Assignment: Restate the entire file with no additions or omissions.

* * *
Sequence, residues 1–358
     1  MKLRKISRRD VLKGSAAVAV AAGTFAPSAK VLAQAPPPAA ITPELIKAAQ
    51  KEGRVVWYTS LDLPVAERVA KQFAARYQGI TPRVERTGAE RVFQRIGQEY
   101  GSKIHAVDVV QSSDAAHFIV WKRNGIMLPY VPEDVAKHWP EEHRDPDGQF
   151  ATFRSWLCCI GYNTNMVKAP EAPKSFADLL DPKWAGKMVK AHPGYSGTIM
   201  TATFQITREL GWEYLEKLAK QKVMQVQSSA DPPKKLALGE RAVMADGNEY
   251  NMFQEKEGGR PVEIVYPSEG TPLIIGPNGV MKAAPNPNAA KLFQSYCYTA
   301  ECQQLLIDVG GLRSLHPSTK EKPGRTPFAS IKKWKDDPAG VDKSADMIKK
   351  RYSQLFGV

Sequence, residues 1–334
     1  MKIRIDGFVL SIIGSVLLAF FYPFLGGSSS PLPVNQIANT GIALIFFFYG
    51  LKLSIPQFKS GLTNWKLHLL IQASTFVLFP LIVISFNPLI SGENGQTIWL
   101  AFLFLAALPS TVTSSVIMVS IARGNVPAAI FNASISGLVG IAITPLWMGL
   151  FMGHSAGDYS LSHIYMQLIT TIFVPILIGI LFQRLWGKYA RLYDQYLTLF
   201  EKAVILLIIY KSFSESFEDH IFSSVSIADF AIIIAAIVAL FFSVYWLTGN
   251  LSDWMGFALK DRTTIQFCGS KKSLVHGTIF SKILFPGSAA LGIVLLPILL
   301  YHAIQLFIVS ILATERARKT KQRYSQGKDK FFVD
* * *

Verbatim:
Sequence, residues 1–358
     1  MKLRKISRRD VLKGSAAVAV AAGTFAPSAK VLAQAPPPAA ITPELIKAAQ
    51  KEGRVVWYTS LDLPVAERVA KQFAARYQGI TPRVERTGAE RVFQRIGQEY
   101  GSKIHAVDVV QSSDAAHFIV WKRNGIMLPY VPEDVAKHWP EEHRDPDGQF
   151  ATFRSWLCCI GYNTNMVKAP EAPKSFADLL DPKWAGKMVK AHPGYSGTIM
   201  TATFQITREL GWEYLEKLAK QKVMQVQSSA DPPKKLALGE RAVMADGNEY
   251  NMFQEKEGGR PVEIVYPSEG TPLIIGPNGV MKAAPNPNAA KLFQSYCYTA
   301  ECQQLLIDVG GLRSLHPSTK EKPGRTPFAS IKKWKDDPAG VDKSADMIKK
   351  RYSQLFGV

Sequence, residues 1–334
     1  MKIRIDGFVL SIIGSVLLAF FYPFLGGSSS PLPVNQIANT GIALIFFFYG
    51  LKLSIPQFKS GLTNWKLHLL IQASTFVLFP LIVISFNPLI SGENGQTIWL
   101  AFLFLAALPS TVTSSVIMVS IARGNVPAAI FNASISGLVG IAITPLWMGL
   151  FMGHSAGDYS LSHIYMQLIT TIFVPILIGI LFQRLWGKYA RLYDQYLTLF
   201  EKAVILLIIY KSFSESFEDH IFSSVSIADF AIIIAAIVAL FFSVYWLTGN
   251  LSDWMGFALK DRTTIQFCGS KKSLVHGTIF SKILFPGSAA LGIVLLPILL
   301  YHAIQLFIVS ILATERARKT KQRYSQGKDK FFVD